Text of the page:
EU wants to make undersea internet cables more resilient

Threat to data means submarine infrastructures should get status of 'highest possible national significance'

The European Commission has issued recommendations to up the security and resilience of submarine data cables, but says private finance should fund projects to expand capacity, assisted by governments where necessary.

Released alongside a white paper analyzing Europe's digital infrastructure requirements, the recommendations encourage member states to undertake tasks including regular stress testing and sharing information.

There are no detailed procedures to follow, and the strategy calls for EU members to pay more attention to submarine infrastructure and perhaps help fund important projects.

The Commission notes that European economies and societies are increasingly reliant on the internet and international connectivity, and that submarine cable infrastructure is a significant element in this, as the vast majority of international data traffic is carried through these cables.

It also notes the infrastructure is vulnerable to sabotage and tampering, and says that Russia’s war against Ukraine has raised awareness of security, given its potential capability to disrupt cables and the suspicious monitoring activities carried out by Russian vessels, such as off the Irish coast.

The UK is not in the EU, but in 2022, a subsea cable connecting Shetland and the Faroe Islands was damaged, with a separate cable linking the two with the Scottish mainland being cut. Suspicion fell on a Russian research vessel in the area.

At a top level, the recommendations identify actions EU member states should take, also including any necessary improvements to the security of seabed cables, and to support the deployment or significant upgrade of submarine cable infrastructure serving the region.

On the security side, the Commission wants EU members to ensure the infrastructure is adequately managed and controlled so as to protect it from external threats, including that of data carried on the cables by collecting any necessary information from the owners or operators.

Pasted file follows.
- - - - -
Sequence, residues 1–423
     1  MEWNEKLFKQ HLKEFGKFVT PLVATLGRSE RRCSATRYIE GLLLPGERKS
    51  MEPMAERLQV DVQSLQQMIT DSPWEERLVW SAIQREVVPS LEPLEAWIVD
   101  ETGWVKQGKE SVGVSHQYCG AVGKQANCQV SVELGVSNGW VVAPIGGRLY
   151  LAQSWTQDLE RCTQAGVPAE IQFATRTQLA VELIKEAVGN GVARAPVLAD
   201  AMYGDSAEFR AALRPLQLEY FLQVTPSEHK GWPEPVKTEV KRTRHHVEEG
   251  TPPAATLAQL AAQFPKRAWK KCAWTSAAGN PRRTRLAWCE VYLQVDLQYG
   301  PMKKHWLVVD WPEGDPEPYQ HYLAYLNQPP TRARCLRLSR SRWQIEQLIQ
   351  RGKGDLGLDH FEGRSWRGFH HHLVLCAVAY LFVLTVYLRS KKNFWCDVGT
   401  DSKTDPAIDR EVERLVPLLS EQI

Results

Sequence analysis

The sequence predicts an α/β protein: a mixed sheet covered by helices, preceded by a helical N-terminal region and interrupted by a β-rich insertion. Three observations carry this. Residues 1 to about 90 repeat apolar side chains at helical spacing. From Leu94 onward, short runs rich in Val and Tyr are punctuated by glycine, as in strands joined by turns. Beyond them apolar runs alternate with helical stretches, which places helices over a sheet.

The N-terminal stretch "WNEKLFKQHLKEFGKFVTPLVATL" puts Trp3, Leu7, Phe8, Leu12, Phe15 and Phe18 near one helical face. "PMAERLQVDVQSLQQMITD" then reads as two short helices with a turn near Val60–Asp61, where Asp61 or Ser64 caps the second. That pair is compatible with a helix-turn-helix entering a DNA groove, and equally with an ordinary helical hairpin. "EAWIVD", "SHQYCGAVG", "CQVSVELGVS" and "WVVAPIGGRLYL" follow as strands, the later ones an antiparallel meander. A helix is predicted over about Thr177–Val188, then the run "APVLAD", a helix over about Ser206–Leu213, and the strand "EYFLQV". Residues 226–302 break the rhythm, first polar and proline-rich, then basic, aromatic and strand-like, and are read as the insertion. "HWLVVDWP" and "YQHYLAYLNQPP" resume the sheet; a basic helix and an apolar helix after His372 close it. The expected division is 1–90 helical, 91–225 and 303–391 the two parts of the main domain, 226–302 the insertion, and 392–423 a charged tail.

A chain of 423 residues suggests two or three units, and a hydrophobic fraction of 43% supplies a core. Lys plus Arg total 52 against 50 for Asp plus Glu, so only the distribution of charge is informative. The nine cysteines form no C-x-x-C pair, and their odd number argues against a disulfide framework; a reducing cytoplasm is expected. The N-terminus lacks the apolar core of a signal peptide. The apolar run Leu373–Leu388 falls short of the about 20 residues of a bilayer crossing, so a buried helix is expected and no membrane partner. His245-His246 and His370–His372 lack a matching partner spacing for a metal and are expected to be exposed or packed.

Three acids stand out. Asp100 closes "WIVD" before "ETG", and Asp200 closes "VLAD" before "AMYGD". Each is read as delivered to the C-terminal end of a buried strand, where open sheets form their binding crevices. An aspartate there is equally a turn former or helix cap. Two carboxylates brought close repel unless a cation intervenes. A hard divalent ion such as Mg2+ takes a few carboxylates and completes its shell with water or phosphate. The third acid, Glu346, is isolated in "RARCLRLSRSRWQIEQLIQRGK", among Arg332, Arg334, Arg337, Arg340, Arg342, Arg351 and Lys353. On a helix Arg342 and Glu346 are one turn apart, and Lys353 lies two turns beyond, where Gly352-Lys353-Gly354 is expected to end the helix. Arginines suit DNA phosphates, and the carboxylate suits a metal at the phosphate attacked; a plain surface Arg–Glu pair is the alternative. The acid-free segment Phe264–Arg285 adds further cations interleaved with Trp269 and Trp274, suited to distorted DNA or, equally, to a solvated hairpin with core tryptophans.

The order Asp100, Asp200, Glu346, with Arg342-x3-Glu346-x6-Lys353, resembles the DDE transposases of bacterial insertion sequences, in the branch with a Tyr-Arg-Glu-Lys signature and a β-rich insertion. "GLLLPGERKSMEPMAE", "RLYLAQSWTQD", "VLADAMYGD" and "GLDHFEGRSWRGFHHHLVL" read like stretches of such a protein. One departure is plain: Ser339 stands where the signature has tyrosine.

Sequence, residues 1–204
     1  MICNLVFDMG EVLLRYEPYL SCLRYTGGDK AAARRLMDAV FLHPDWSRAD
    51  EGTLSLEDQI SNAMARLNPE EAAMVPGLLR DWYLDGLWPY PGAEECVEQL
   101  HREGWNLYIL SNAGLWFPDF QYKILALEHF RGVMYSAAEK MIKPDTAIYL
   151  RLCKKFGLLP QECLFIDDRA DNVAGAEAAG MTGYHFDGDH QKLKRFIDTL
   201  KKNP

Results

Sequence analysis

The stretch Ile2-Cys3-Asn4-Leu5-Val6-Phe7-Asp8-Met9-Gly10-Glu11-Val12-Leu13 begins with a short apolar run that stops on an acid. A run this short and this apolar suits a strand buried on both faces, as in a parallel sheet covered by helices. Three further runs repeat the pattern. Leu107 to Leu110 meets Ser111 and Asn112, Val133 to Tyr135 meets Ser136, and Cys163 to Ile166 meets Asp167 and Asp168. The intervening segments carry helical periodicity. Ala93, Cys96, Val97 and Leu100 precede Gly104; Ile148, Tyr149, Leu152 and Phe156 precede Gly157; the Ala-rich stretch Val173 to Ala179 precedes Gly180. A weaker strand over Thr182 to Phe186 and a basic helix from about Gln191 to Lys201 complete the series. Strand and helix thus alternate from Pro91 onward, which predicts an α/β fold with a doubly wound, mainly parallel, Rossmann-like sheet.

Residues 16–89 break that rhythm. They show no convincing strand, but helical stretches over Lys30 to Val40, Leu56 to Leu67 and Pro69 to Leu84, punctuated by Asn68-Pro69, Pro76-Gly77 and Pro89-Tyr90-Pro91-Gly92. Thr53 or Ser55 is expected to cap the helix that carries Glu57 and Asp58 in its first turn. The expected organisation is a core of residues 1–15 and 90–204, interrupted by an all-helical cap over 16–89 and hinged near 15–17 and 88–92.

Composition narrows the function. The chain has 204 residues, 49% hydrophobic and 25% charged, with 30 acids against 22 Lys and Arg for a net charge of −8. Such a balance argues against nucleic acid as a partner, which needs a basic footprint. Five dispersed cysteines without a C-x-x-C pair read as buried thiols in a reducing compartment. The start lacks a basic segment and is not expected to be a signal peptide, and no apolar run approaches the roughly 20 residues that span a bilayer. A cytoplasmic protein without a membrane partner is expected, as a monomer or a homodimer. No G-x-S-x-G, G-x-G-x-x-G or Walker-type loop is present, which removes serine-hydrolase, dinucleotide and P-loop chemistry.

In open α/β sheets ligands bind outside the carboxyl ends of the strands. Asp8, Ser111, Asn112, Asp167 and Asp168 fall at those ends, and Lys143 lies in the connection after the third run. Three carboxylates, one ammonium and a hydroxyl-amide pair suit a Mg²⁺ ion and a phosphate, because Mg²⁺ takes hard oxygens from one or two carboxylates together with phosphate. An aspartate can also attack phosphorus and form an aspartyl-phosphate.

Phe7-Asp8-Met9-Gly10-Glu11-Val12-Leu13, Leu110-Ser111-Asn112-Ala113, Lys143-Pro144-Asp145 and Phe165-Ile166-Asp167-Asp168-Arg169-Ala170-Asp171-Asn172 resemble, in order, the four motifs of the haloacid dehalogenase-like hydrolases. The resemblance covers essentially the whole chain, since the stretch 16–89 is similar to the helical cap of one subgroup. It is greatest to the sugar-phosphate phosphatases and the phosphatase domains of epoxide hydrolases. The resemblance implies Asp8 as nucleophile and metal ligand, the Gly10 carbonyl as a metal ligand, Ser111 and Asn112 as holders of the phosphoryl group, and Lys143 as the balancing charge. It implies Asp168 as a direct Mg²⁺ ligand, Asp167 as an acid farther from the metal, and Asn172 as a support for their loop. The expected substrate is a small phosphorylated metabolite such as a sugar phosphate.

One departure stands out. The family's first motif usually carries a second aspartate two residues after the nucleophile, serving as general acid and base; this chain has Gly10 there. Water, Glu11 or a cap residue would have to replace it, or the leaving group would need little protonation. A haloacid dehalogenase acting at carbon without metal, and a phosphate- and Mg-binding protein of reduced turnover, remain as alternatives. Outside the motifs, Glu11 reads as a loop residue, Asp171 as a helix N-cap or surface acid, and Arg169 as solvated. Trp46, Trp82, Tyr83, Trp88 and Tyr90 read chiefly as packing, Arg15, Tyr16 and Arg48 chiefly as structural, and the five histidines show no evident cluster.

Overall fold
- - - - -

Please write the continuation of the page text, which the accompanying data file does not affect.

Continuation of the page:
Individual states should conduct risk assessments on the cybersecurity and the physical security of submarine cables, and enforce obligations on suppliers and operators to ensure security.

The Commission wants to see the fast-tracking of applications relating to submarine cable infrastructure, for construction, operation, maintenance or repair work, and advises member states to “grant to submarine cable infrastructures the status of the highest possible national significance.”

To build out capacity, the Commission is seeking to compile a draft list of strategic projects - Cable Projects of European Interest (CPEIs). These may be considered for support through EU programs and complemented with national funds to fill strategic gaps and establish new connections, it says.

When it comes to financing, the Commission reckons that CPEIs should be funded by private finance, which may be supported where necessary and appropriate by EU programs.

However, it also says that member states are encouraged to consider contributing, where necessary and appropriate, to the financing of CPEIs, in accordance with state aid rules.

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The recommendations were welcomed by one company involved in the submarine cable industry, EXA Infrastructure.

Chief operating officer Ciaran Delaney said: “Submarine cables are like the internet’s main arteries, carrying data around the world, so it’s only natural that the EU Commission is looking at ways to secure these vital pieces of infrastructure.”

On the recommendations relating to EU member states supporting cable infrastructure, Delaney said: “Private investment is flowing into the subsea industry all the time to create more diverse paths from A to B and provide resiliency should a specific cable be damaged, but any legislative support to make upgrading and securing network infrastructure easier is welcomed.” ®

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